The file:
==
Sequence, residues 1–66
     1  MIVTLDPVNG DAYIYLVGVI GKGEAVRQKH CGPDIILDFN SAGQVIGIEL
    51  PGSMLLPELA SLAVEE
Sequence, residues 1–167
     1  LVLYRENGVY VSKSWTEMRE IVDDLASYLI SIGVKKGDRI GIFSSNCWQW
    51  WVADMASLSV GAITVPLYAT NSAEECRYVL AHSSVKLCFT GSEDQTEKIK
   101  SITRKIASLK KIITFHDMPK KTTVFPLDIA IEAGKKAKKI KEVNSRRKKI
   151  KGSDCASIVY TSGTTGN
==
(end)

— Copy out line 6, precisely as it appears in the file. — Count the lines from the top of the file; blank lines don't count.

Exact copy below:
    51  WVADMASLSV GAITVPLYAT NSAEECRYVL AHSSVKLCFT GSEDQTEKIK